But we barely get a chance to drink in any of these wonders. Verbinski just wants to keep things moving, and we're razzle-dazzled to the point of being simply rattled. There are numerous places where the action doesn't feel quite real -- we can't be sure if we're watching an actual stunt (and stunts are the heart and soul of a true swashbuckler) or something so enhanced by CGI that it barely looks as if any human being could successfully pull it off. At one point during the cannibal escape, Jack pulls off a nifty pole vault, only to slip into the narrow space between two cliffs, where he dangles precariously (his pole has become a sort of horizontal monkey bar). It's a marvelous image, but you wonder how much doctoring it needed to make it look as cool as it does. And in a chaotic battle scene aboard one of the ships, Will makes his way from the top of a very tall sail to the bottom by digging his knife in and letting 'er rip, gliding down as if he were being carried by a swift, smooth gust of air. That's ostensibly an homage to one of the most beautiful stunts of all time, performed by Douglas Fairbanks in the 1926 "The Black Pirate." But in "Dead Man's Chest," the stunt whizzes by so quickly that it barely registers -- it's all just part of the visual clamor and clutter. "Dead Man's Chest" has a lavish, richly burnished surface (the cinematographer is Dariusz Wolski, who also shot "The Curse of the Black Pearl"); it never lets you forget how many clams it cost. And yet many moments, like that stunt with the sail, feel wasted, thrown away, as if they don't really matter and were considered barely worth filming.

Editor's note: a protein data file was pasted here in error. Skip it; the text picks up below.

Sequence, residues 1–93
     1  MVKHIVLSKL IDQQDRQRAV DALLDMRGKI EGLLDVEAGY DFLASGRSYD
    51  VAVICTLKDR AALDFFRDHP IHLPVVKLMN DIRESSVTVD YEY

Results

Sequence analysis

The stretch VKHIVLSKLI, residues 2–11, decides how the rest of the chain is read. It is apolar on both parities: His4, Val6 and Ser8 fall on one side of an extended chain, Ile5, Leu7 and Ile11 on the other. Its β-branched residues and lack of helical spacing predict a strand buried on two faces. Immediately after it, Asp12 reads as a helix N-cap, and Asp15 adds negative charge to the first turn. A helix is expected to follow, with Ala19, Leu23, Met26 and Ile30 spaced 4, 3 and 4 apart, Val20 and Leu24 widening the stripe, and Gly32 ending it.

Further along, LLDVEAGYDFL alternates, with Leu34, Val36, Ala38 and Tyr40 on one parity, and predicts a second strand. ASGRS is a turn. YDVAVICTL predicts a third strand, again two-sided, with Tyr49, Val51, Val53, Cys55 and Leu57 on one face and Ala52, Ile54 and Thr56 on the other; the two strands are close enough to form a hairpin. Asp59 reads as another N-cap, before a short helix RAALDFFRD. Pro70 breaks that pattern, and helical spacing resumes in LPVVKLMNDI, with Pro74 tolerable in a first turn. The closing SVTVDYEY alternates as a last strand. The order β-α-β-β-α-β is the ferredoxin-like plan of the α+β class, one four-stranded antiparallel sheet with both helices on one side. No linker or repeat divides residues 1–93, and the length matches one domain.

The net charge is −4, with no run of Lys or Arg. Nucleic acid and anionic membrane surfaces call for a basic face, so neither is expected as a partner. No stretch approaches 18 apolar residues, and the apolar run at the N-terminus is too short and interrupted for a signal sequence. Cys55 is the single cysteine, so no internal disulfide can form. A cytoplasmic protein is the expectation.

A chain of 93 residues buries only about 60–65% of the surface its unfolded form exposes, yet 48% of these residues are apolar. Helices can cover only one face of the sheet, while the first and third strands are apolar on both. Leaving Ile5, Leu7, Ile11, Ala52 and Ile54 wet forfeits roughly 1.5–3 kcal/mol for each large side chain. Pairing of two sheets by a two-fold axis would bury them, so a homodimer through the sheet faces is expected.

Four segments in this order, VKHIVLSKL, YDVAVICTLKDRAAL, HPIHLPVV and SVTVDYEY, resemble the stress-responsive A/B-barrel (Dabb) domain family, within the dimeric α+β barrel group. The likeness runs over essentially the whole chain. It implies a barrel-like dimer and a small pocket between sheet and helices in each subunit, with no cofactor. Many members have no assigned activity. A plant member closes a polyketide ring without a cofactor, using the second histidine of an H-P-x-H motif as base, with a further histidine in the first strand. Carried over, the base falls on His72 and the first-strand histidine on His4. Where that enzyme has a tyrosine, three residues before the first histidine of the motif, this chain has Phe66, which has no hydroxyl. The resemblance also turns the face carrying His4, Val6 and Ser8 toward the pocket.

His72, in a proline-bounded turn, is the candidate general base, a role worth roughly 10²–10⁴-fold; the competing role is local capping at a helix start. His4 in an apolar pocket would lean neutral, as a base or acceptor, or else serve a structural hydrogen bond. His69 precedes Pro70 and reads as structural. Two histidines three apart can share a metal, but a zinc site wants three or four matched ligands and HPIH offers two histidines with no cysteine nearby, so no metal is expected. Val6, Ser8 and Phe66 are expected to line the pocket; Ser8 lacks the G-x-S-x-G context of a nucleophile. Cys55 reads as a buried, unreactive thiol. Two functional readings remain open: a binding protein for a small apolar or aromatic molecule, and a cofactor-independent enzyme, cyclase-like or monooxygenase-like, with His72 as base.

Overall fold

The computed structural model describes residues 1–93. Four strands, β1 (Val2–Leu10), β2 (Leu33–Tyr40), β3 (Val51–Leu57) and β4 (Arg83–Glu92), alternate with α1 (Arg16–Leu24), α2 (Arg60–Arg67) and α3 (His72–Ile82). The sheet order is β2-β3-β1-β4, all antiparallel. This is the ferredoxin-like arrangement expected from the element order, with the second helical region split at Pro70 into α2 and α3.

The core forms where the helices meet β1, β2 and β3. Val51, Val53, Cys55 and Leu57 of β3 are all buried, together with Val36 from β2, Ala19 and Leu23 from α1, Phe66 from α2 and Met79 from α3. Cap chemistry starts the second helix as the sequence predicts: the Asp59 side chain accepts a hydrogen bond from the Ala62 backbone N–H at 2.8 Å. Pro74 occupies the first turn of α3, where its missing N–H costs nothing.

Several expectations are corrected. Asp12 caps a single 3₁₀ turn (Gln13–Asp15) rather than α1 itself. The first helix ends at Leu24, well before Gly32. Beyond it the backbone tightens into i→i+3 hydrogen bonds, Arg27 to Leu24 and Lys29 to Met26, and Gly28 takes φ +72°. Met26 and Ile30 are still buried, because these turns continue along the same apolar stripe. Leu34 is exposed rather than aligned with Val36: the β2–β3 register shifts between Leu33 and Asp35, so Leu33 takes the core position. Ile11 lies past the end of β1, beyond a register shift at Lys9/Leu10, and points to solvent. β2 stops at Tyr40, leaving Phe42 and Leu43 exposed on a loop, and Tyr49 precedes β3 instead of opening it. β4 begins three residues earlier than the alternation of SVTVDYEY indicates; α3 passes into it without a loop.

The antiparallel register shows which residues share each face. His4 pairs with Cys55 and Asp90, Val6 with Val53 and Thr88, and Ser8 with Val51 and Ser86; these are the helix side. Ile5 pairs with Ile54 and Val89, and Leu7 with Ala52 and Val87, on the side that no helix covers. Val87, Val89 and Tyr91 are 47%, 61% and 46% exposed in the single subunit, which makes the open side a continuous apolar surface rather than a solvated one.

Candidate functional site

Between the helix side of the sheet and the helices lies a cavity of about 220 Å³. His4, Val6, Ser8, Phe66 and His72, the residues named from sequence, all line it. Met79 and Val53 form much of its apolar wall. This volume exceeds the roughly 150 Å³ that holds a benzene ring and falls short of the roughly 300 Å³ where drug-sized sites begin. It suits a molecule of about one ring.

The dialogue in "The Curse of the Black Pearl" showed some wit and verve, but Verbinski and his writers have run out of steam here. The story is pockmarked by laziness: The filmmakers reintroduce (among other characters) the charming, scruffy jailer dog from the first movie -- only in this one, they leave him to be eaten by cannibals. Couldn't they have bothered to include just one witty shot of him scampering away? They either forgot, or they just didn't care.
By the end of "Dead Man's Chest," we're not sure what Verbinski and his team did care about, other than, perhaps, box-office receipts. The actors try much harder. The character of Davy Jones is wonderfully conceived, and the ever-reliable Nighy plays him with slinky dignity: With his flowing mane of slimy tentacles, he's a little like a malevolent version of Bert Lahr's Cowardly Lion, a misfit beast in a watery jungle. And Depp is once again a marvel: He struts through the movie, in his flouncy sleeves and tattered brocades, wearing a vaguely glazed look. Is he ready for action, or ready for bed -- or both? He slurs his vowels in a kind of drowsy seduction; it's if he were getting ready to slip between pirate-booty satin sheets.
But considering sex appeal is part of the big draw of "Dead Man's Chest" -- Hollywood knows the effect Bloom and Depp have on teenage girls -- the picture is disappointingly sexless. There should be more sparks flying between Jack and Elizabeth: The movie's best moments feature the two of them together (including a funny little sequence in which Depp flippantly, or perhaps half-seriously, proposes marriage -- he pronounces it "mahr-ee-ahj"). Knightley and Depp are a fabulous pair because in some ways she's tougher -- and handsomer -- than he is. With her strong, square jaw and direct gaze, she's a pirate queen in training. No wonder Jack Sparrow doesn't know quite what to make of her. Maybe she's the best life partner a pirate could ever hope for. Then again, maybe she just wants to take over the business -- and wear the clothes, if not the pants.